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  10. I've just come to terms with the fact that I have a startling shortage of lamb cuddling in my life. If I were near those little black eyed lambs, I would give them the cuddling of their lives.

    Remind them they're lucky to be halfway across the country from That Psycho Lamb Cuddler in CA.

    Cheers on the great lambing season!

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  11. Hi Everybody,
    Thanks for all the great comments. :)


    Dominique,
    We use a 50/50 mix of organic raw apple cider vinegar (which we buy by the gallon from amazon.com) and garlic juice, which we buy in a 4-gallon case from this company.

    We use this mixture as a drench and give it to all of the sheep as a natural wormer and overall health tonic. The dosage we give is 10ml to 40ml, depending on the situation. The lambs were given 10ml each this time.

    I'm really happy with the garlic/vinegar, and the best thing about it is that, unlike commercial wormers, the sheep can't build up a resistance to it. You also can't really overdose them. When we work the sheep, EVERYBODY gets garlic/vinegar, unlike when we give them commercial wormer, and you need to decide who needs it and who looks good enough not to get any (thereby building up less of a resistance to it).

    If the sheep are very wormy, you can do a 5-day worming, once a day of 10ml to 20ml of the drench to each sheep.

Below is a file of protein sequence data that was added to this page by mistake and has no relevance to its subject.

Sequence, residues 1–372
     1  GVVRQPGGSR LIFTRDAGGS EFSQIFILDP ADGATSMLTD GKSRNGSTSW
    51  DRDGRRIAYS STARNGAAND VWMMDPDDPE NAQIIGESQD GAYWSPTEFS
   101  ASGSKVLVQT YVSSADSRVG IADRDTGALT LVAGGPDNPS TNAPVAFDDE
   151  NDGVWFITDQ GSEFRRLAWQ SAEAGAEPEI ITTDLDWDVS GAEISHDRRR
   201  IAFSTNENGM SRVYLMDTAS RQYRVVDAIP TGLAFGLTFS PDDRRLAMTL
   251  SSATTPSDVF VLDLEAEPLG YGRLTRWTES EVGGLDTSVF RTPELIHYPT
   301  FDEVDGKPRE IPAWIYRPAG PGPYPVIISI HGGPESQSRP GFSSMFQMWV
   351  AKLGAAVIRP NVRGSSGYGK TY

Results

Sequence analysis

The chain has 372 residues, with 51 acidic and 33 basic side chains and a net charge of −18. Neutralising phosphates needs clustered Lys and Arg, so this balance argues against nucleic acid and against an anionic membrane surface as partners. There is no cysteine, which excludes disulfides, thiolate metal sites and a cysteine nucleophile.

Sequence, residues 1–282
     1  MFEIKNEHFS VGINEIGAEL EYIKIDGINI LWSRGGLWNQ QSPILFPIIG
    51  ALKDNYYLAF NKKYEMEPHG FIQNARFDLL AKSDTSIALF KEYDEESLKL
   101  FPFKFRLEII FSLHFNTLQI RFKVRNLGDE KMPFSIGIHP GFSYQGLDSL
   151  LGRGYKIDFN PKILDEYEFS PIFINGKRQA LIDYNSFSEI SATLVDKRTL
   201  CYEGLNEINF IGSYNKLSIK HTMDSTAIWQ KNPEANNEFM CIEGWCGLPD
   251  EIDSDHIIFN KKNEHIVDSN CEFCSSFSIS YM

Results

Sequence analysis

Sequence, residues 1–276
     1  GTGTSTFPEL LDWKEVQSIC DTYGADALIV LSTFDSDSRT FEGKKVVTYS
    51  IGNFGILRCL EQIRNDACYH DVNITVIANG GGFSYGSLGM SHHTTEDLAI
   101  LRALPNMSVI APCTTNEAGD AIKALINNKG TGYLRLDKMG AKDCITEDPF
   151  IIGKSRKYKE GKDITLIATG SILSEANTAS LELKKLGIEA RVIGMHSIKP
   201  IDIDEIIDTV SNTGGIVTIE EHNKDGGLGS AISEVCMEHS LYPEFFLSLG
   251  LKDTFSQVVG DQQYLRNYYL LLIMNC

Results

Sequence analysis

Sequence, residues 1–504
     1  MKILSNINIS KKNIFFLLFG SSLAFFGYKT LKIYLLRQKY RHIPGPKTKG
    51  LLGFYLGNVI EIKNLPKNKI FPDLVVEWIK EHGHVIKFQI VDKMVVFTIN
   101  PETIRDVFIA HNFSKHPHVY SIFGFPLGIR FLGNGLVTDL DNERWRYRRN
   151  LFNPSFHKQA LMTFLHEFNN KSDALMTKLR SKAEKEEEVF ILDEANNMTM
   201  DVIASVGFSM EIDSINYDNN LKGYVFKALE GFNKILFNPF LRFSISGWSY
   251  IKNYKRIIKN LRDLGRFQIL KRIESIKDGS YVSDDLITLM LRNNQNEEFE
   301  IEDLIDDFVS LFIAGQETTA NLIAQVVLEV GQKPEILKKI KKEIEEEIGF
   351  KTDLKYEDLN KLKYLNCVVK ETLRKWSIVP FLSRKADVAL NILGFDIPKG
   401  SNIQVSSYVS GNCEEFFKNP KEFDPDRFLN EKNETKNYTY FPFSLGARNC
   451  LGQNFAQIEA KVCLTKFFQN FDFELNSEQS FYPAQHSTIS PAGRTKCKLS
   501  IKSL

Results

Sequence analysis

I've done this, and the problem I've encountered is that, for us at least, if a sheep is already severely infested with worms, the garlic/vinegar doesn't seem to be enough. It works great as more of an preventative for sheep who aren't already heavily infested.

    After each of our ewes lambed this year, I gave them a daily dose of 20ml for the 3 to 4 days they were in the bonding suite.

    We also use it anytime a sheep is under the weather or sick in any way to help boost their immunity, etc. Both garlic and raw apple cider vinegar (which we take ourselves on a daily basis - 1 to 2 Tb. a day mixed in water with a little honey) have myriad health benefits.

    Ideally, I would like to dose all of my sheep once a week year round, but so far that hasn't happened. : )

    I highly recommend using the garlic/vinegar drench, but please remember I'm not a vet and this isn't medical advice. :)

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  12. Thank you for the great explanation. I have a sheep in the "ICU" that could use a dose of this right now. I am ordering both today.

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  13. If it's even possible, these must be the cutest lambs - ever! Of course, when you post some new pictures, I'll think that about those so you obviously have the cutest flock(?) of lambs! And let's not even start on the donkeys...(or dogs, cats, etc...)

    Thanks, Susan, for sharing so much with us!

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  14. Adorable pictures, thank you for sharing!!! Perfect way to start my day.